Chef Claire Ragozzino, the founder of Vidya Living, gave up a career in policy making in favour of Yoga and Ayurveda. Claire says her mission is to move beyond trends to Truth, as far as food is concerned. She is a certified Ayurveda Health Counsellor as well as a certified Yoga trainer. She has also done courses in integrative nutrition.
Her journey with Ayurveda began in her teens when a gut problem led her to cooking her own meals. As the daughter of two busy pilots, Claire says she did not grow up with awareness of food as medicine. “There are many paths to healing, mine happened to start with food. I didn’t grow up with a lot of awareness about the importance of food as medicine. My parents were busy pilots with their focus and passion on aviation, so food was seen more as fuel, and eating a matter of what could be quick and convenient. I would say this is the case for many.”
Claire adds that “With an industrial globalized food system, it’s easy to go to the grocery store today and shop for quick pre-packaged foods without having any idea of what’s inside the actual ingredients, let alone where the ingredients came from or how they will affect your body or mind. In the quest for convenience, we’re losing real connection to our food sources, and thus our innate wisdom of our relationship to the natural world. Now with so much nutritional information and product lines out there, it can be quite confusing and even overwhelming to know how to select and prepare meals that are properly nourishing to your unique needs. It’s become a passion and mission of mine to help people reclaim this inner wisdom and heal their relationship with food.”
In the course of your extended training with various specialists in Yoga and Ayurveda what was the importance given to food and cooking?
Diet (Āhāra) is one of the three supporting pillars of good health in Ayurveda. Healthy and wholesome food nourishes the body, mind and soul. On a physical level, it forms our tissues and dictates the overall health of our body. On a mental and emotional level, food plays a vital role in how we can perceive the world around us. Ayurveda teaches us how to apply correct knowledge of our individual constitutions (Prakṛti) and our current state (Vikṛti) to our time and place in order to feed ourselves according to our unique needs. So when studying Ayurveda, food and how we digest that food is a large focus.
As a yoga practitioner, this knowledge can help you to intelligently care for your body and foster a clear, sattvic mind. I would say many modern yoga trainings don’t delve too much into diet or cooking, however, I believe every yoga practitioner would benefit from knowing at least the foundational principles of the sister science and how an individualized approach to diet can better support their practice.
What is the connection between yoga and Ayurveda for you?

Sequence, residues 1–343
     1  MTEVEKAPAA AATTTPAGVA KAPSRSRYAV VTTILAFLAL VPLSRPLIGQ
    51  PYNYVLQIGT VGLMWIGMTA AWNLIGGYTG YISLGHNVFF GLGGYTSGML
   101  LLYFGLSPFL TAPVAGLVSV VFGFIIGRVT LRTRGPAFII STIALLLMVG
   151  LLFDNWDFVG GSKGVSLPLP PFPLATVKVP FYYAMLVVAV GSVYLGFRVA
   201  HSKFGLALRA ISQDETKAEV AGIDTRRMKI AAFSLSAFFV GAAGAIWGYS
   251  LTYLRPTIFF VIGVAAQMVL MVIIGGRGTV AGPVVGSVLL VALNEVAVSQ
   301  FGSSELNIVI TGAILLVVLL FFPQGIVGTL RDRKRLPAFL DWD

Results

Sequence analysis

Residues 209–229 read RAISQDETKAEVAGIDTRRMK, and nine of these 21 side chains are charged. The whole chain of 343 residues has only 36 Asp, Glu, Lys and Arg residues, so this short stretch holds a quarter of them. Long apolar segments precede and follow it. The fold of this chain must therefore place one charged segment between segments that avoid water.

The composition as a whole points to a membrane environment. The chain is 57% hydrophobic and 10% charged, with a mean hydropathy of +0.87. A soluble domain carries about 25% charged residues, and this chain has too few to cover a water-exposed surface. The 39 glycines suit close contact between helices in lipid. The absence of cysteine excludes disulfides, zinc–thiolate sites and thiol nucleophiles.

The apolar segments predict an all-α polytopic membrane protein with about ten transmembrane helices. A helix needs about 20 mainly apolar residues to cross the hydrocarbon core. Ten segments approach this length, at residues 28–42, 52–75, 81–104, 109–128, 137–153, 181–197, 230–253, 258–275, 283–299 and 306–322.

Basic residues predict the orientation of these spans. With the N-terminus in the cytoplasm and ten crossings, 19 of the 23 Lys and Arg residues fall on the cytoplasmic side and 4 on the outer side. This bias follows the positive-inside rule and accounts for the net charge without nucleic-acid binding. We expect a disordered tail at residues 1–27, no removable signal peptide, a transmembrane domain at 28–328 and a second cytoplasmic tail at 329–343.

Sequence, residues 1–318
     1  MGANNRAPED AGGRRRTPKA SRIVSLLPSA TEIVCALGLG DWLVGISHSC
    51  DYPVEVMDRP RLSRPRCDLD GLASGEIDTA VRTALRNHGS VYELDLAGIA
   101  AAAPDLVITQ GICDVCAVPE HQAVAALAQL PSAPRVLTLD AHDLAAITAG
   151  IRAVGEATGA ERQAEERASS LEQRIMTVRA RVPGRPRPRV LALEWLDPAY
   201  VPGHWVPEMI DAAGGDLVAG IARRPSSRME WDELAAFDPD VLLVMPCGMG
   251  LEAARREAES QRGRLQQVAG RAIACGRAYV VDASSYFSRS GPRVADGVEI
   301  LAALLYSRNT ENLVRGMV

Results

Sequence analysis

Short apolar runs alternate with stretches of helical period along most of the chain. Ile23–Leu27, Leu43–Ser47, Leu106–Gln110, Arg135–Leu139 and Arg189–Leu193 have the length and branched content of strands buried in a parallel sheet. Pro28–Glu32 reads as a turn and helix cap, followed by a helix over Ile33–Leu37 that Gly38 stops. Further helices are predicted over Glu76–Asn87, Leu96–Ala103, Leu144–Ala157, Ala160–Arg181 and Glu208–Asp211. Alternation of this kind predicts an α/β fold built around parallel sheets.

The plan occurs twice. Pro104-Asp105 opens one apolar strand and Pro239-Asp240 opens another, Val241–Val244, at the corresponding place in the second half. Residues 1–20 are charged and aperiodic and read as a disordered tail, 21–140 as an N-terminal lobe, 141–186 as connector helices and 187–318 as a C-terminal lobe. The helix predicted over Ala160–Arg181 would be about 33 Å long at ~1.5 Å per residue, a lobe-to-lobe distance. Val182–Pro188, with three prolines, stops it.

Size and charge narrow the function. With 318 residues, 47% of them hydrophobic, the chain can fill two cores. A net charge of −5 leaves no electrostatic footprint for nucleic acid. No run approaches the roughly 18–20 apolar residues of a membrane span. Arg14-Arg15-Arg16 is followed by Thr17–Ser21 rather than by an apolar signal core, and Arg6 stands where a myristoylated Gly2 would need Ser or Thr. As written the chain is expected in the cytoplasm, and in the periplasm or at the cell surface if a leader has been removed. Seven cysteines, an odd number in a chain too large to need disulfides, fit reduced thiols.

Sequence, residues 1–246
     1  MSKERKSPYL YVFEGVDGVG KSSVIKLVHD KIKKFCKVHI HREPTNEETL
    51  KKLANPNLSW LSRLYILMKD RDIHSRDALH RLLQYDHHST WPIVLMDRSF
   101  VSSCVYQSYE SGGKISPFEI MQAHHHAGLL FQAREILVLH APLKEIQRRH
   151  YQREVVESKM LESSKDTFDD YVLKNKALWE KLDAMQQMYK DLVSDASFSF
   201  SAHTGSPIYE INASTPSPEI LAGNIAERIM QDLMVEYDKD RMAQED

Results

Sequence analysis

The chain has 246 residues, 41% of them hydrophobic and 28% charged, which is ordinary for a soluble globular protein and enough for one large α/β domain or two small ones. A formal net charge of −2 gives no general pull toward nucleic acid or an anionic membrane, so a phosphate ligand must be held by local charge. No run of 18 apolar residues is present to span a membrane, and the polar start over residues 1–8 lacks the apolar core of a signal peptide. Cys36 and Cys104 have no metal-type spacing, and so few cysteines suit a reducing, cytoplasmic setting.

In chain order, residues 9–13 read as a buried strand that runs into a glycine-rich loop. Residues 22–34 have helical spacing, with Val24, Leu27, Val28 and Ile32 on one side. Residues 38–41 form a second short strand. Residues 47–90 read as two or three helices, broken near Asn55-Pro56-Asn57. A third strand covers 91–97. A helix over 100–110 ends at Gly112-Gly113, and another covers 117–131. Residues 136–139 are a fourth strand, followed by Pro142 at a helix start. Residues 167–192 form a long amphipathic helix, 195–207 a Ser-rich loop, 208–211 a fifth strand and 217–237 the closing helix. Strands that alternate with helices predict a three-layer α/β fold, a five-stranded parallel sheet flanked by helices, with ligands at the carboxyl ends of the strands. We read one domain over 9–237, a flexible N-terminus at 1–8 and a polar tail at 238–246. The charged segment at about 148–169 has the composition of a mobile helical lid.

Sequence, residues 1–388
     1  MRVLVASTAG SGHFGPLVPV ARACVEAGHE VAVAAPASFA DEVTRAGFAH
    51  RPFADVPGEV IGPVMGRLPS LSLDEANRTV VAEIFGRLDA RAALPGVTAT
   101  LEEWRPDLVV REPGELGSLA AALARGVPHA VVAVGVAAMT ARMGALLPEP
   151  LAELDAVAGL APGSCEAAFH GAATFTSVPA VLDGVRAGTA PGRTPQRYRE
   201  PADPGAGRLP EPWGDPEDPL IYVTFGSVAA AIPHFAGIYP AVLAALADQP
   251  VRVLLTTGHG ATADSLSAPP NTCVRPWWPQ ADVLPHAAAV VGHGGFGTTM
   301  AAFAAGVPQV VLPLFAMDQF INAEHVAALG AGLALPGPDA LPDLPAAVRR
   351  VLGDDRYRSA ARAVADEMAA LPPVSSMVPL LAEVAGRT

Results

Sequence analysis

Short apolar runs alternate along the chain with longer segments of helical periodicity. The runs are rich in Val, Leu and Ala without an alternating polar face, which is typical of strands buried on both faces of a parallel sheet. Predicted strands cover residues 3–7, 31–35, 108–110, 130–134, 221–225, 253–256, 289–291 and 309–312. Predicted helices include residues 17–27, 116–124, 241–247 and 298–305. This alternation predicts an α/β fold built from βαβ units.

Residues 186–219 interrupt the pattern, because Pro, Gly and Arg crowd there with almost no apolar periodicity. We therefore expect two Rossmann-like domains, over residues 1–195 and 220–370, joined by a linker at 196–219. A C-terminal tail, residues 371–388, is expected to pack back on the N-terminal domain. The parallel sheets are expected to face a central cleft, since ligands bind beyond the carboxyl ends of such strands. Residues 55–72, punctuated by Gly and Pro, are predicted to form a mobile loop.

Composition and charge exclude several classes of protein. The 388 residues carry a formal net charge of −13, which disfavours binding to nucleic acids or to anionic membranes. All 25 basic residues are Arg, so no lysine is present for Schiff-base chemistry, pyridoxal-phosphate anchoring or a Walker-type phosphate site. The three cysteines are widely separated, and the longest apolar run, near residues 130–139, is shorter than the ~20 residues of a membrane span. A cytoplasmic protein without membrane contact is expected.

Yoga is considered to be Ayurveda’s sister science, with a similar timeline of development. Many know yoga in the modern West as a physical practice, a workout for staying in shape. However, until recently, yoga was primarily a practice for spiritual liberation, only outlining a handful of postures for meditation. It wasn’t until the early 1900s that yoga became a more embodied practice and started to merge with Ayurveda as a means of supporting the body, mind, and spirit as an interconnected whole.
Yoga can be used as a therapy (Cikitsā) to prevent and treat disease. Because the mind influences the body, yoga’s aim is not only to bring strength and vitality back to the physical body but also to restore the mind back to its sattvic state so that it can perceive reality more clearly. Yoga as a therapy is not a one-size-fits-all or all-the-time approach. Rather, yoga can be practiced in accordance with your unique type and needs. In my book, Living Ayurveda, I aim to equip the reader with an understanding of how to use yoga as a therapeutic tool to balance the doshas and work with different postures and breath through the seasons.
What is the main difference between eating healthy and eating for healing according to you?
Healthy eating has become a really trendy term these days hasn’t it? There seems to be a plethora of ways that people are claiming to be the healthiest ways to eat—some tout no fat low carb diets, some praise high fat and high protein diets, or trumpet intermittent fasting, or caffeine-laced with butter and superfoods. What I love about Ayurveda is that it’s not a trend or a fad diet that is exclusive to certain types of food deemed healthy at the moment. Rather, it looks at the individual, their unique metabolic blueprint and current digestive capacity, their environment and time of life, and maps out a diet that is healing to their present moment needs. A healing diet is used to treat imbalance and put the body back on track, whether that is healing from a long-term illness or treating a seasonal imbalance. There is no “good” or “bad” food necessarily in Ayurveda, but rather an awareness of what is needed for the individual at this point of time in their life.
Physically we are aware of the benefits of an Ayurvedic diet. What is your experience in its mental and emotional benefits?
The old saying “Food affects mood” is true! We look at the Maha Gunas (Rajas, Tamas and Sattva) as overall states of mind. The mind’s nature is inherently Sattvic, and when we eat nourishing meals prepared from quality, whole food ingredients and cooked with loving presence, this can promote a peaceful mind. When our diet is habituated with foods that are processed, frozen, canned, old or stale, it does not give life. We can feel a sense of lethargy, dullness or even withdrawal and depression when our diet is Tamasic in nature. Equally, when we live a fast and furious life fueled by caffeine, processed sugar and stimulants, our frenetic energy can create an aggravated Rajasic state of mind. Knowing these states of mind can help us to choose a diet that supports what we are seeking in our daily experience, and can shed the light of awareness on poor eating habits that drain us.